Montgomery Boroughs


Published in The History of Parliament: the House of Commons 1790-1820, ed. R. Thorne, 1986
Available from Boydell and Brewer

Background Information

Right of Election:

in the freemen

Number of voters:

about 100


(1801): 972


 James Cockburn21
17 June 1818HENRY CLIVE 

Main Article

Since 1728 Montgomery had been in the pocket of the Herbert family, earls of Powis, and attempts to oppose them were few and far between. According to a lawyer of local origin, Samuel Humphreys, writing conspiratorially to his brother, 15 Dec. 1788: ‘an opposition to Lord Powis in the borough would succeed if a proper person contended against him and if the persons concerned in it would be regulated by discretion and secrecy’. He added that ‘Mr Goodrich will stand, and any objection to him as a stranger may be answered that he has a good property in Shropshire and therefore [is] more eligible than the present Member’.1 Nothing came of this and George, 5th Earl of Powis (d.s.p. 1801) continued to return his reliable protégé Whitshed Keene. On the earl’s death there was however an interregnum before his brother-in-law, Edward Lord Clive, who was absent in India, succeeded him to the title in 1804: this provided an opportunity for testing the Powis interest, which was again embraced by the Humphreys brothers.

George Devereux, 13th Viscount Hereford (d.1804), a Whig of some standing in the neighbourhood thanks to his Nantcribba estate, put up his son-in-law James Cockburn to ‘establish the independence of the borough’.2 Tom Grenville wrote about it to Lord Grenville, 19 June 1802:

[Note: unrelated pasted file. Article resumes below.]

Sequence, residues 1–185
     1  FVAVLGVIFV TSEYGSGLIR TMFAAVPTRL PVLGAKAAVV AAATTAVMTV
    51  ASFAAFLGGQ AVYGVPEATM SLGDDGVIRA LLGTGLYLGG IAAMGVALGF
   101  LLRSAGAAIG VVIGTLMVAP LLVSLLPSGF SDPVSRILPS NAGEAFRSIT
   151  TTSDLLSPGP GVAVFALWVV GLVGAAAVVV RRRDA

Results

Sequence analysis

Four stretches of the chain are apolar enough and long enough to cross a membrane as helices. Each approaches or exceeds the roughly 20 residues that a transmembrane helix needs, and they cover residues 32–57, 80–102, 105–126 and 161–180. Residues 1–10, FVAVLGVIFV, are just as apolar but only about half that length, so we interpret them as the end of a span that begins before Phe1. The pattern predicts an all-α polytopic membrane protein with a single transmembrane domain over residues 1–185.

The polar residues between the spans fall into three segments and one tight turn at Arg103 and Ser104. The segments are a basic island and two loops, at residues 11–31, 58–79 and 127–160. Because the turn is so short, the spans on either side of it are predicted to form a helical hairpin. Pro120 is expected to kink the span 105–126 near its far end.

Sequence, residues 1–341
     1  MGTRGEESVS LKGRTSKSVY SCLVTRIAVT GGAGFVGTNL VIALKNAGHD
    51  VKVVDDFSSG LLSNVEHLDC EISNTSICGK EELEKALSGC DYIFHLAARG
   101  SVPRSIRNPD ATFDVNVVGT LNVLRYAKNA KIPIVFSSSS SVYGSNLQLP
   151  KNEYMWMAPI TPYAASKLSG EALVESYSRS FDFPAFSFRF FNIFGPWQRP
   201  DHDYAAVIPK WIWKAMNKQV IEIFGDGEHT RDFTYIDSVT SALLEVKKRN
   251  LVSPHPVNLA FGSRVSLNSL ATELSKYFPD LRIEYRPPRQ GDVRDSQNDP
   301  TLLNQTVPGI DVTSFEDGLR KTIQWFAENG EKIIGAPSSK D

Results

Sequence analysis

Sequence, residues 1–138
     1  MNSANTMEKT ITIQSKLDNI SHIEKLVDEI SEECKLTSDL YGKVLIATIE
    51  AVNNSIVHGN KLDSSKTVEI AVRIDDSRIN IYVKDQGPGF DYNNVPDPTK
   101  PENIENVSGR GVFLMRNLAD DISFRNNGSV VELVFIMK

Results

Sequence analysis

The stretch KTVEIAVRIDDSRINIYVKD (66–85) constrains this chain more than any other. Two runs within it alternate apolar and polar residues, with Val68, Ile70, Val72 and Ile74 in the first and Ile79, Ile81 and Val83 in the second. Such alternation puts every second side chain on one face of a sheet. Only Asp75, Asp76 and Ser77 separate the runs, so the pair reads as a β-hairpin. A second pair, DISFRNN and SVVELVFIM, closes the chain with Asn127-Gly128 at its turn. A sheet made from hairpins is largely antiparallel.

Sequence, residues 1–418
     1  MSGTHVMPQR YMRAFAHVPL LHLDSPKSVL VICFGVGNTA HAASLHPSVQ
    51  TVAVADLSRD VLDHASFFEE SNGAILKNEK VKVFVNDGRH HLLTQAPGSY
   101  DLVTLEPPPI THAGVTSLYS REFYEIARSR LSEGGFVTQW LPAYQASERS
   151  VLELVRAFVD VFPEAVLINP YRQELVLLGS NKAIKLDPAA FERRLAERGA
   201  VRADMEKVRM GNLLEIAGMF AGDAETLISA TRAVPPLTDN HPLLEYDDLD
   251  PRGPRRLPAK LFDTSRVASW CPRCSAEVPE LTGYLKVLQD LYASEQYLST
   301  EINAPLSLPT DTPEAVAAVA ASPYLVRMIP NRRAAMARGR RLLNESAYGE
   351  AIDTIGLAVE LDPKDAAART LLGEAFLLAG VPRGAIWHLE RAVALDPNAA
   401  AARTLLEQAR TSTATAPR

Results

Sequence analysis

[Sir] Watkin [Williams Wynn] has a serious embarrassment before him in Montgomeryshire. Mr Cockburn has canvassed him for this interest in Montgomery where, under Lord Hereford’s protection, he is going to oppose Lord Clive. Lord Hereford is the old head and leader of Watkin’s friends in the county, and to offend him may be a real difficulty; on the other hand, to assist him would be an open act of hostility to the Powis interest. I am therefore disposed to recommend to Watkin to endeavour to pacify Lord Hereford by the assurance of his taking no part against him, and to satisfy Lady Clive by assuring her that he had directed his agent to take no part in the borough election. This is not good, but I see nothing better to be done. I am, however, much afraid that the Welsh fever of Watkin’s friends will hardly make even this course acceptable to his old connections with Lord Hereford.3

Lt.-Col. Cockburn’s heavy defeat testified to the strength of the Powis interest and nothing could be made of allegations put about both in 1802 and 1812 that Keene paid £3,000 or £2,000 for his seat.4 Control was rendered invincible by the expeditious securing of election writs and clinched by the marriage of Lady Harriet Clive to Sir Watkin Williams Wynn in 1817. In the following year, Keene retired in favour of a member of the Clive family, perhaps because of a threat of opposition if he stood again, but more probably because Henry Clive, Powis’s cousin, had given up his seat to Powis’s son and was being compensated with this one. There was indeed an anonymous canvass in opposition to Clive, but it was scotched by the admission of extra burgesses on the Powis interest.5

Author: R. G. Thorne


  • 1. Samuel to Charles Gardiner Humphreys of Montgomery, cited in Mont. Colls. lviii. 158.
  • 2. His son Henry was made a burgess in 1802, Mont. Colls. xlix. 196; NLW, Powis Castle mss 5247, Glansevern mss 4355.
  • 3. HMC Fortescue, vii. 98.
  • 4. B. Ellis, Mont. Colls. lxiii. 74, citing Powis Castle mss 10152, 10176, 10474.
  • 5. Ibid; Salopian Jnl. 7 Jan. 1818.